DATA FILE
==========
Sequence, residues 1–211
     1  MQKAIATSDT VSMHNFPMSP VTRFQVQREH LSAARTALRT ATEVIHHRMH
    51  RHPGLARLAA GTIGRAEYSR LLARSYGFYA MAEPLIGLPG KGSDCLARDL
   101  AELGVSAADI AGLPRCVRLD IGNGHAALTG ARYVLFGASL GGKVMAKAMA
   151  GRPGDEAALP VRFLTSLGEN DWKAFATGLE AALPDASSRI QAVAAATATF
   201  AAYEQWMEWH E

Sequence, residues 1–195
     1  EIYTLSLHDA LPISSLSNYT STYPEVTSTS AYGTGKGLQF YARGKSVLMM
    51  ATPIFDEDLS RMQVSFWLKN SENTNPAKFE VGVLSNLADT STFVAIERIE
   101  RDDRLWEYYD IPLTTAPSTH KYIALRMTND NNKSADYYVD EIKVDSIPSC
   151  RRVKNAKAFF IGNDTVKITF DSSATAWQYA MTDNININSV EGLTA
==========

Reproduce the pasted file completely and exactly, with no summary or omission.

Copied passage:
Sequence, residues 1–211
     1  MQKAIATSDT VSMHNFPMSP VTRFQVQREH LSAARTALRT ATEVIHHRMH
    51  RHPGLARLAA GTIGRAEYSR LLARSYGFYA MAEPLIGLPG KGSDCLARDL
   101  AELGVSAADI AGLPRCVRLD IGNGHAALTG ARYVLFGASL GGKVMAKAMA
   151  GRPGDEAALP VRFLTSLGEN DWKAFATGLE AALPDASSRI QAVAAATATF
   201  AAYEQWMEWH E

Sequence, residues 1–195
     1  EIYTLSLHDA LPISSLSNYT STYPEVTSTS AYGTGKGLQF YARGKSVLMM
    51  ATPIFDEDLS RMQVSFWLKN SENTNPAKFE VGVLSNLADT STFVAIERIE
   101  RDDRLWEYYD IPLTTAPSTH KYIALRMTND NNKSADYYVD EIKVDSIPSC
   151  RRVKNAKAFF IGNDTVKITF DSSATAWQYA MTDNININSV EGLTA